Want a proper story, then read a book...

Interactive stories are very difficult for games to deal with and rather than trying to tackle this bugbear of an issue that fuels numerous punch-ups in game design circles, Halo, like most games, opted for a passable diachronic (back story) to explain the game world: Cortana, your personal AI can speak to because you are wearing a battle suit containing a network created by a layer of crystals, which also explains why she can point you in the right direction with nav points as they appear on your visor's interface (also conveniently avoiding temper tantrums and 'controller rage' cos you can't find your way around a level). You are more powerful than your fellow marines, because you are the last remaining SPARTAN-II soldier, which means you're stronger (you can cave in alien skills quite admirably), able to flip vehicles (so you can keep having fun driving them), are protected by a shield (which means you can have fun playing chicken with a pack of silver elite) and react faster than them, because you are genetically enhanced. The strange setting is simply explained due to a blind jump you made on a spaceship to lure away your alien enemies from Earth.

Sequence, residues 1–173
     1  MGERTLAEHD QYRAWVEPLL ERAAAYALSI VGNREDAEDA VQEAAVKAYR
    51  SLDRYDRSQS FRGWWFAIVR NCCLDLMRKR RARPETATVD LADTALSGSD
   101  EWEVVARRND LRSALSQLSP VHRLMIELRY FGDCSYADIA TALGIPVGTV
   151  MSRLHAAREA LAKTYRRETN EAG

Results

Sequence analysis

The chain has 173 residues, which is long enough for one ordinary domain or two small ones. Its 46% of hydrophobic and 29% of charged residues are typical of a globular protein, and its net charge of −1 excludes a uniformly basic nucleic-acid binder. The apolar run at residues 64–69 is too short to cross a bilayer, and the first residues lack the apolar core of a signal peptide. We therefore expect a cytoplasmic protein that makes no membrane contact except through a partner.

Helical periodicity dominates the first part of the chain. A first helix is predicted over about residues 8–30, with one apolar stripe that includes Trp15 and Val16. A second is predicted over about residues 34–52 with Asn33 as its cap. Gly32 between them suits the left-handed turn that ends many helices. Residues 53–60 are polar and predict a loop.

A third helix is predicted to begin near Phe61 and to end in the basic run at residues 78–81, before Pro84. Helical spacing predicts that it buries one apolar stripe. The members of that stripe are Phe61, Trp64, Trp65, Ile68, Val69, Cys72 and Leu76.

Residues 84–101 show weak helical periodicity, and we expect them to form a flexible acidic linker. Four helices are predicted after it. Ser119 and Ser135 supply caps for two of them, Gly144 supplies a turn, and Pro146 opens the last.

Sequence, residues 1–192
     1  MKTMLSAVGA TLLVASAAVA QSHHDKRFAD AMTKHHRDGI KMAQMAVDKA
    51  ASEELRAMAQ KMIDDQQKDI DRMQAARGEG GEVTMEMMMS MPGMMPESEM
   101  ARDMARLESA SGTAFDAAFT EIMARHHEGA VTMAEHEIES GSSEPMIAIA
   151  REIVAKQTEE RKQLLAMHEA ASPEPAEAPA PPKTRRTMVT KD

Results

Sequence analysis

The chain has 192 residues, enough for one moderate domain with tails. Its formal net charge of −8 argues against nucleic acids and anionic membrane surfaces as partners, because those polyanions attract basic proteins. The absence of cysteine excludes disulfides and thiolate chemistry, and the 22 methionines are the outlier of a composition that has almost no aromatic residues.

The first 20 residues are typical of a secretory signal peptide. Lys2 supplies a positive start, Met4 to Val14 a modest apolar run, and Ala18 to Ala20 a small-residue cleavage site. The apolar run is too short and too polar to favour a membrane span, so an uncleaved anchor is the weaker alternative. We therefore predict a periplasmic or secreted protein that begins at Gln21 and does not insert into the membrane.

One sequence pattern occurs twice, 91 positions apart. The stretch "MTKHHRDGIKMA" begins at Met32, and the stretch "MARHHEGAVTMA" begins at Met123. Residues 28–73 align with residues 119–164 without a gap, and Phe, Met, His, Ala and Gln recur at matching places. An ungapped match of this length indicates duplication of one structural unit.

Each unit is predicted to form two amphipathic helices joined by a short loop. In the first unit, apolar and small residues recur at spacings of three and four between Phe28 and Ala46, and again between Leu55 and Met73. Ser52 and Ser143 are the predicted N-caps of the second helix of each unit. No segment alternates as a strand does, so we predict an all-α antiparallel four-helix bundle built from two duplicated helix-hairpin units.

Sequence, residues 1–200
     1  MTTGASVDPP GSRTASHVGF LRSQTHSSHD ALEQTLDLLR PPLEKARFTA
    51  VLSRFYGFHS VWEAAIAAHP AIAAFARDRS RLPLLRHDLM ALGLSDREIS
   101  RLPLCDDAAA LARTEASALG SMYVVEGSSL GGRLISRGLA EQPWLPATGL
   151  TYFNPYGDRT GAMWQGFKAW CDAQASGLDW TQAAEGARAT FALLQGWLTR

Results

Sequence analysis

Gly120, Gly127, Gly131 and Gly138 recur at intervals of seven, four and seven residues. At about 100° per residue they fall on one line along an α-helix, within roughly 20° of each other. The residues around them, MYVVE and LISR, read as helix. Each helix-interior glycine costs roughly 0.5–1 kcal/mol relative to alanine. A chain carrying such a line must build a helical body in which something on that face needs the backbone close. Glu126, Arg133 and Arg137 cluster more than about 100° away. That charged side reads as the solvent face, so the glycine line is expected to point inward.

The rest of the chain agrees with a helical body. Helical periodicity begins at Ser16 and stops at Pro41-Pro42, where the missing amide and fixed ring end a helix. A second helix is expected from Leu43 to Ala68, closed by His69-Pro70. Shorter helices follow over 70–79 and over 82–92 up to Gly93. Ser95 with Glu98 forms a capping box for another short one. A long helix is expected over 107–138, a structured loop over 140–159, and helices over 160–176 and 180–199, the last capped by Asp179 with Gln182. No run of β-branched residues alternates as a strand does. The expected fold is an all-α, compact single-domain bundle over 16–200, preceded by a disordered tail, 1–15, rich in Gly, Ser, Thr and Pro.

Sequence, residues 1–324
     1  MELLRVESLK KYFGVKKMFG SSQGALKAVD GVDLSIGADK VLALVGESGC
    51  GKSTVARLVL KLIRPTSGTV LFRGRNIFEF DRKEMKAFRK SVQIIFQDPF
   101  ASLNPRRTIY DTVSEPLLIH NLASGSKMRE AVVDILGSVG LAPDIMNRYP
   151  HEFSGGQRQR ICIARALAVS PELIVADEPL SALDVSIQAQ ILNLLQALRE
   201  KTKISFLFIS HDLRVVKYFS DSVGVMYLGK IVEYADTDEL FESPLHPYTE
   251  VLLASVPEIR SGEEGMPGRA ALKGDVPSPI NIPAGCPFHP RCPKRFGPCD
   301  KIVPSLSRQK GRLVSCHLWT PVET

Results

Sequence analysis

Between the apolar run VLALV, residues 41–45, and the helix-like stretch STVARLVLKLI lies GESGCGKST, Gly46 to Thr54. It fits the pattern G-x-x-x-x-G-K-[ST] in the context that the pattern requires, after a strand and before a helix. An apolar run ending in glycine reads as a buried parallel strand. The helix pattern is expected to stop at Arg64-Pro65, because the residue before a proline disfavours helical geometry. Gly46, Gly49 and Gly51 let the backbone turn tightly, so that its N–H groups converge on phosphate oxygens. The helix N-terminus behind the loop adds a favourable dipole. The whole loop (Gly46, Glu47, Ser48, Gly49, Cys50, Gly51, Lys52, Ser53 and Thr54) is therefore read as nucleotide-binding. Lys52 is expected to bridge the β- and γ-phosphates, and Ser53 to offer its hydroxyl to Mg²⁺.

With this weird and strangely beautiful ring world clearly entrenched in your mind, Halo gets on with focusing on how you can interact with the environment in which the story takes place, but not with the story itself. The limitations are intuitively dealt with and it plays to its strengths - allowing exploration of the environment with a pre-scripted story.

FMVs are used throughout in a balanced way, which is refreshing. Sometimes, like when you enter the control room, they pull you out into a much wider, sweeping camera angle to emphasise the scale and expanse of a location that you wouldn't fully appreciate in the narrow FPS view, and at other times to progress the storyline and add an inherent core value of a story - irreversibility. The greatest stories require events that cannot be undone - for instance what if Romero and Juliet was a game? Who wouldn't be leaping for the level restart options so you didn't, like an idiot, drop dead from poison, but instead took the gorgeous 'J' home for the night?